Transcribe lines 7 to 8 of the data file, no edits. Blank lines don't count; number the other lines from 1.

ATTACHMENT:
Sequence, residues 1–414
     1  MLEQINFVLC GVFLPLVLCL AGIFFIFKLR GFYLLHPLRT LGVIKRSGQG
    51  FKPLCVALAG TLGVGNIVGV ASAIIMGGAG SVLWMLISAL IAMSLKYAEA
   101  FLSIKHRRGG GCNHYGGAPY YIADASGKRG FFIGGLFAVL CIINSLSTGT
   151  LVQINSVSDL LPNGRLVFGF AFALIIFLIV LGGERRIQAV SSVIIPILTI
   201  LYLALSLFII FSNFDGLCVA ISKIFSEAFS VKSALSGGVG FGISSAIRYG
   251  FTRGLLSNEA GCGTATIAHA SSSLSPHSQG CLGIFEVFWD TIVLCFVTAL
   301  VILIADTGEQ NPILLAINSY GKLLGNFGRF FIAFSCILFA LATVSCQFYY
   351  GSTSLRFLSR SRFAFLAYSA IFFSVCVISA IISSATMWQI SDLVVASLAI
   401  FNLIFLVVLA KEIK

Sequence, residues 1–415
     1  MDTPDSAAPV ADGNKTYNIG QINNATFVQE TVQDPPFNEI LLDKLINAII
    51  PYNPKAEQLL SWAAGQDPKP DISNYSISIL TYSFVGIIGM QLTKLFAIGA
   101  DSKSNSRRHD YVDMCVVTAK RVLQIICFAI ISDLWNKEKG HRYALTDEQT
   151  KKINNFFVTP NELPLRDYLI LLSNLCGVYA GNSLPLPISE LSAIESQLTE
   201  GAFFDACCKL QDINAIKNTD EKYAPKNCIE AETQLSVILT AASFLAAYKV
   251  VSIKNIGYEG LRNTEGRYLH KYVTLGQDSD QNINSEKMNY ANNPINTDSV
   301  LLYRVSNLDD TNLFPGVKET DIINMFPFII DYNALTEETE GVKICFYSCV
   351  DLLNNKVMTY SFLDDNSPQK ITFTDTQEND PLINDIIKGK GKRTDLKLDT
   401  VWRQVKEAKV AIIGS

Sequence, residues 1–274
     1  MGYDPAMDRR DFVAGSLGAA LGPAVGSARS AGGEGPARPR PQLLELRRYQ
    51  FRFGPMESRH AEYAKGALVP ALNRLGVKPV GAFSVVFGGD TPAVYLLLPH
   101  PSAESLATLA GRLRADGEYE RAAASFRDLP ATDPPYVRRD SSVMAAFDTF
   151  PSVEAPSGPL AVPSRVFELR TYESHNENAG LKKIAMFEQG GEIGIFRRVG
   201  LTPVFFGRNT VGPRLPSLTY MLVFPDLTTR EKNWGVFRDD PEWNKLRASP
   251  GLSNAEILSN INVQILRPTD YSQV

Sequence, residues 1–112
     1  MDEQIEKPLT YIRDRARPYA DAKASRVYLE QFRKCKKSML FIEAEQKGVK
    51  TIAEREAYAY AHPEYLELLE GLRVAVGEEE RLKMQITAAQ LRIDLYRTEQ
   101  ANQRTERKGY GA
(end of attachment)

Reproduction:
   251  FTRGLLSNEA GCGTATIAHA SSSLSPHSQG CLGIFEVFWD TIVLCFVTAL
   301  VILIADTGEQ NPILLAINSY GKLLGNFGRF FIAFSCILFA LATVSCQFYY